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Category Archives: Seriously on the Lighter Side

Devi – Translation of a Short Story by B Jeyamohan

Devi is a story that celebrates the feminine power in its different forms while following the triumphs and travails of an amateur theater group. It is set in a small village teeming with robust and highly opinionated characters, which makes the plot all the more animated.

I would like to say I found a niche. And I am immensely enjoying doing this. So much that I ask myself what took me so long. What made translating Devi such an enjoyable experience – beyond the fact that it has a kickass woman at the center of things – is the language, the landscape, and the delightful array of characters. So familiar, so nostalgic… and if you know me, you know that nothing drives me like a good shot of nostalgia and the whiff of home.

Devi was my first full fledged translation and I have a lot of people to be thankful to. First of all the author B Jeyamohan for his whole hearted support of my endeavor and for being such a source of inspiration; A Muttulingam Sir, veteran Tamil writer for his encouragement, blessings, and kind words to a novice; Suchitra Ramachandran seasoned translator and RS Saha for their help with editing and helping me tighten the translation; Dear friends Asha Suren and Prasad Puzhankara for being first readers and their valuable input which helped me clean up some messy places; Usawa Literary Review and the editors there, especially Suneetha Balakrishnan for giving this story in translation a home and artist/author/awesome woman Babitha Marina Justin for leading me to Usawa; Soundararajan aka Austin Soundar, the ‘Engine’ powering the Vishnupuram Literary Circle (VLC) which is doing great service to Tamil literature; Composer Rajan Somasundaram for bringing me into this fold and for the immense amount of confidence he seems to have in me; and of course the brilliant circle of friends I made through VLC for powering me on with your unflagging enthusiasm and encouragement. You all rock! And it truly takes a village – as the story undoubtedly proves 😉

Devi lets us in on some amusing true stories from the author’s early adulthood and features a host of real life characters. The heartwarming camaraderie of the village folk that crosses boundaries of language and community, the easy, non-malicious give and take, their innovative minds making the best of limited resources, and the general congenial atmosphere are what make the story what it is. And of course Neyyattinkara Sridevi!!! What a character! Read on to find out what makes her such a powerhouse.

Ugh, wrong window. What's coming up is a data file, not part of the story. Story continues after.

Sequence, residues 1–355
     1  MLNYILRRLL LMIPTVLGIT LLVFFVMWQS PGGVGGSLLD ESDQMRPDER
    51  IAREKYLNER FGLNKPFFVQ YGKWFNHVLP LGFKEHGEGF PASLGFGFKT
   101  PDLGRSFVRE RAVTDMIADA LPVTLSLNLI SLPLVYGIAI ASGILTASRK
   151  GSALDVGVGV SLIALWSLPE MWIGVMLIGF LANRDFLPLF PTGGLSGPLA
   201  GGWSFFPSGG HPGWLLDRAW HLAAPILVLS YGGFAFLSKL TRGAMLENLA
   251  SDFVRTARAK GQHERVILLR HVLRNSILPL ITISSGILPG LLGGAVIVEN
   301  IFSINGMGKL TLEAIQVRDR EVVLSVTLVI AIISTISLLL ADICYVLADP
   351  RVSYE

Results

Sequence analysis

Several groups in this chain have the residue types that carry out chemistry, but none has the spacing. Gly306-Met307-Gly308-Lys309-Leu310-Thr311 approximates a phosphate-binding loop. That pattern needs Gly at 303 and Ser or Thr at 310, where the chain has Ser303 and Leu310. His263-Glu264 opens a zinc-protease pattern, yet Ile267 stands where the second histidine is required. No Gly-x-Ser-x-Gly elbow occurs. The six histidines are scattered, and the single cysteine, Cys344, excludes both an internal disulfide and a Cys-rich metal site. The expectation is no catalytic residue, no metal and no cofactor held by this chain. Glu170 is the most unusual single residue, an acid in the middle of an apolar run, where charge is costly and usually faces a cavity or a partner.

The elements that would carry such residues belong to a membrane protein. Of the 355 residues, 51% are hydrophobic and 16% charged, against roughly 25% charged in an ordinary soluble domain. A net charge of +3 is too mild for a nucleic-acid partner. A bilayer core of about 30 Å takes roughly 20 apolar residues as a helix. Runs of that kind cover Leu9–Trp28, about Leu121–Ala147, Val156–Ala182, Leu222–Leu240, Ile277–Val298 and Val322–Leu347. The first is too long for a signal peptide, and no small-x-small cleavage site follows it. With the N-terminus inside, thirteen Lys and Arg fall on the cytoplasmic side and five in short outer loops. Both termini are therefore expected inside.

“Just one female character? That’s not going to work,” said ‘Petti’ Khader. “A play must have at least three female characters. That’s the norm. If people just go about staging plays any which way, it’s not going to work.”

“It’s just a play, right?” asked Ananthan. Read on as originally published here:


Chromosome Chronicles: The Appointment

Another conversation with the lone Y chromosome at home.


XX: Did you make the appointment?

XY: What appointment? Read the rest of this entry

I Promise You This is Not Sentimental

Yesterday at the dinner table.

It’s September 21st. It’s already the 22nd back home. I am reminiscing about that terrible night 19 years ago. The night since when a phone call from India always made me assume the worst. Because that night a phone call did convey the worst. My father was no more. Read the rest of this entry

A Sweet and Spicy Love Story a.k.a Appam and Mutton Curry

(All images courtesy Bhairavi Remitha)

There she sat, in all her demure softness; decked in a pristine white bodice while her frilly, lacy golden brown skirt billowed around her in scalloped perfection. She sat waiting, waiting for her beloved, shooting coy glances towards him. Read the rest of this entry

Of Slippers, Rings, And Other Such Trinkets

The philosopher Blaise Pascal once remarked, “Cleopatra’s nose, had it been shorter, the whole face of the world would have been changed.” Something tells me it wasn’t just the nose that would have changed the history of the world. A nose ring perhaps.

Just take a gander through history and literature and look at the havoc created by the various accessories women use to adorn themselves. Maybe it wasn’t havoc all the time, but you have to admit that the various trinkets women wear have played significant roles in many tales.

Read the rest of this entry